It has almost become a mantra, and I repeated it to Kay last night; “Nothing happens on Sunday mornings in the US”. Indeed, my experience has generally been that no-one ventures out before 10:00 and nothing opens before Noon. That proved to be completely false as far as New York is concerned. First warning something was up, was the sound of amplified music out on the street carrying up to the 20th floor and penetrating the double glazing around 07:00. Bleary eyed, I looked out. Where a street food trader had been positioned up to around 04:30 when I got up for the loo, the was now a modest crowd lining Broadway. Turning the television on revealed that the New York Half Marathon was due to set off from Central Park at 07:00. Indeed, seemingly not much later when I looked out, there were one or two runners passing through the glimpse we have along 44th Street, their arrival preceded by cheers.

Channel7 provided a live coverage of pro endings, and as we readied ourselves for the day, we checked on progress outside. The trickle of runners was soon a torrent, and by shortly after 09:00 when we got ourselves outside, the torrent was ongoing. Turns out Times Square is at the 7 mile mark. The winning man had recored a time of a little over an hour and the first woman was about 1:10, according to Channel7. This was nor over two hours, with six miles to go, so the fairest thing I can say is that the runners we saw were starting to feel the strain. Please don’t get me wrong; my new found tolerance for salad bars notwithstanding, I have no aspiration to begin to emulate what these people had accomplished just to get seven miles in two hours.

New York Half Marathon runners enter TImes Square en mass

What I’ve failed to mention thus far is that the temperature was around 30 deg. F. with a typical New York ‘canyon effect’ wind chill. Credit of course to the runners, but just as much so to their supporters who had stood out over two hours in those conditions. Credit also to two guys (I’m sure there were more dotted around the course) who were entertaining the crowds. This duo were a more than accomplished rock act – electric guitar and drums only, no vocals – and their renditions of rock standards were pretty damn good.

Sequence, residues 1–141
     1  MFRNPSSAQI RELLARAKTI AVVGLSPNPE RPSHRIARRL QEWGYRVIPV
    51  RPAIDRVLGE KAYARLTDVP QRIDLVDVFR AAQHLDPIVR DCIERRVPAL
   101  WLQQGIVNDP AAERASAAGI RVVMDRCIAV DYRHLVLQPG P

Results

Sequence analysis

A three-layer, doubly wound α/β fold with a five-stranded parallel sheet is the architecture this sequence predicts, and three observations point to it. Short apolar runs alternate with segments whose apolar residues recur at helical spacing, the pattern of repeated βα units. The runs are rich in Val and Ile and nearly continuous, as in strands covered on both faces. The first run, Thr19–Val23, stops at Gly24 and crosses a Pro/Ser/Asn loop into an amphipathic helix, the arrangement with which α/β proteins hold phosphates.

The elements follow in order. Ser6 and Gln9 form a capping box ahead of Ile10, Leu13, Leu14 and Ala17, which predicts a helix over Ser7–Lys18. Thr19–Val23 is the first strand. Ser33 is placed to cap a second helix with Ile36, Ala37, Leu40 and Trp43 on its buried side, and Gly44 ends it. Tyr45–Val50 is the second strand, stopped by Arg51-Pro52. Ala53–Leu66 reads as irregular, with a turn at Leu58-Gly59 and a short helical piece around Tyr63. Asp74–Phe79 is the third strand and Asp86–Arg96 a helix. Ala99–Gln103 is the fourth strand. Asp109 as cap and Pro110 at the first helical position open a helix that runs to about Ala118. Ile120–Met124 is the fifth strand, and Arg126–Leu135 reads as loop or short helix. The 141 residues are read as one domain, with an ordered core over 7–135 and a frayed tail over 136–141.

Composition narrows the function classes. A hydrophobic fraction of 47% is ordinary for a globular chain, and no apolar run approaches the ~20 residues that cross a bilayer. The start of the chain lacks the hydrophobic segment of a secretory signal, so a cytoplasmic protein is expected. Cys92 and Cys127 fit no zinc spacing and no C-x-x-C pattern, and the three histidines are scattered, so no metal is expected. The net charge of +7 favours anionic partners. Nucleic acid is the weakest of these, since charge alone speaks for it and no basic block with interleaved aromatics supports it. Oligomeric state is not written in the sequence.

Entertaining the runners & their supporters.

Yes, the drummer is wearing a mask. Against the chill?


 Having watched proceedings for quarter and hour or so, and as the tide of runners abated, we went down to the Subway to await a Downtown train. Turns out the platform was directly below the grating you see in the above photo, so we continued to enjoy the music as we awaited the fairly sparse Sunday morning service. Eventually an R train appeared and we boarded, knowing we’d have to swap to an N train at Atlantic Avenue in Brooklyn in order to reach our intended destination – Coney Island.

I’d ‘sold’ the idea of Coney Island to Kay by billing it as NY’s equivalent of Skeggy. I don’y think I’m doing either place a disservice in that description. Except that when we got there – unsurprisingly – Coney Island was closed! Posters announced its reopening for the 2013 season as being 23rd March, so we’re only a bit early. Added to the fact is is still self-evidently winter here, is the fact that a lot of the infrastructure is still being repaired following Hurricane Sandy.

Nathan's Coney Island


Sandy banner


What was open, on the Boardwalk, was Tom’s and very welcome it was too. This is a very pleasant diner and even though it was Hobson’s choice, it suited us perfectly for brunch. Kay had an omelette and I had corned beef hash (declining the option of cabbage which was on offer for St. Patrick’s day), washed down with plentiful coffee. The perfect US diner experience.

Refreshed we walked about half a mile either way along the Boardwalk. It’s still cold but sunny so there were plenty of photo ops. By the time we’d done, there were a lot more folk about, but still not a lot open.

Classic Coney Island profile

Back to the Subway and quite a lengthy wait for an F train which took us through the suburbs of Brooklyn. Really interesting to see from the elevated position of a Subway train. Not sure I’d want to spend much time out on foot on some of the streets though. At Jay Street in Brooklyn we got off and went up to the street. To non-one’s surprise, even though it wash;t planned, we exited the station an almost immediately fell into a Starbucks at Metro Tech – a college campus on the edge of Brooklyn city center. It was moderately busy, but we were able to ‘belly up’ to the bar and enjoy our drinks, watching the barristas deal with the wide variety of customers and some fairly odd looking students outside (we think there was some sort of ‘cosplay’ event going on, as there was a lot of them wearing various strange costumes).

The reason for getting off at Jay Street, in addition to the much needed coffee, was to walk back over the Brooklyn Bridge. This is eminently do-able as there is a walkway above the traffic lanes. The downside is it is shared usage between pedestrians (read: camera toting tourists, for the most part) and cyclists. There are separate ‘lanes’ for each and woe-betide the unwary pedestrian who should cross this line as the cyclists show no mercy. I’d warned Kay of this fact, borne of past experience, but sods law says that the combination of a group of pedestrians coming the other way, me getting my camera out of my bag, and the resulting slight sway to the right taking my briefly onto the white line, should be timed perfectly for a cyclist swooping up behind me. He loved the fact it gave him an excuse to berate me. I responded in New York fashion.


Right I’m going to pause there and, as I’ve got WiFi where I’m typing, I’ll upload what I’ve typed so far. We’re off to see a Broadway Show now: Chicago at the Ambasador Theater. I’ll let you know how it goes.